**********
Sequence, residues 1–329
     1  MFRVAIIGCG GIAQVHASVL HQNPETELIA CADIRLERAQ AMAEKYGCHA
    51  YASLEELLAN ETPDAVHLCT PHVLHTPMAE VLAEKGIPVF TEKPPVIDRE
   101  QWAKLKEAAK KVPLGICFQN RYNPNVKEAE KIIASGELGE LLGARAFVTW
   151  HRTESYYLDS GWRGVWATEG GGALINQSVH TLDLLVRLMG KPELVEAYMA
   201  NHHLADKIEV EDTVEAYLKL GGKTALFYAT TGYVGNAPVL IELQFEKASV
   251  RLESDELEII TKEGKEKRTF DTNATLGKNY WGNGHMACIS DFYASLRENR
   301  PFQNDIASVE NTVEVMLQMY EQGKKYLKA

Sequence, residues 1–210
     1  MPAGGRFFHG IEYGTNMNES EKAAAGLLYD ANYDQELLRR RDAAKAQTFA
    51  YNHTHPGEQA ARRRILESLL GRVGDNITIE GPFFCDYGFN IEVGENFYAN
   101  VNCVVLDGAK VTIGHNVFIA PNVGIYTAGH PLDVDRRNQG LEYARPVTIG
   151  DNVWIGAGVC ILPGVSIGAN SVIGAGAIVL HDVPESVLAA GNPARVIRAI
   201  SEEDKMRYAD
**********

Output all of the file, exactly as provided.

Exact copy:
Sequence, residues 1–329
     1  MFRVAIIGCG GIAQVHASVL HQNPETELIA CADIRLERAQ AMAEKYGCHA
    51  YASLEELLAN ETPDAVHLCT PHVLHTPMAE VLAEKGIPVF TEKPPVIDRE
   101  QWAKLKEAAK KVPLGICFQN RYNPNVKEAE KIIASGELGE LLGARAFVTW
   151  HRTESYYLDS GWRGVWATEG GGALINQSVH TLDLLVRLMG KPELVEAYMA
   201  NHHLADKIEV EDTVEAYLKL GGKTALFYAT TGYVGNAPVL IELQFEKASV
   251  RLESDELEII TKEGKEKRTF DTNATLGKNY WGNGHMACIS DFYASLRENR
   301  PFQNDIASVE NTVEVMLQMY EQGKKYLKA

Sequence, residues 1–210
     1  MPAGGRFFHG IEYGTNMNES EKAAAGLLYD ANYDQELLRR RDAAKAQTFA
    51  YNHTHPGEQA ARRRILESLL GRVGDNITIE GPFFCDYGFN IEVGENFYAN
   101  VNCVVLDGAK VTIGHNVFIA PNVGIYTAGH PLDVDRRNQG LEYARPVTIG
   151  DNVWIGAGVC ILPGVSIGAN SVIGAGAIVL HDVPESVLAA GNPARVIRAI
   201  SEEDKMRYAD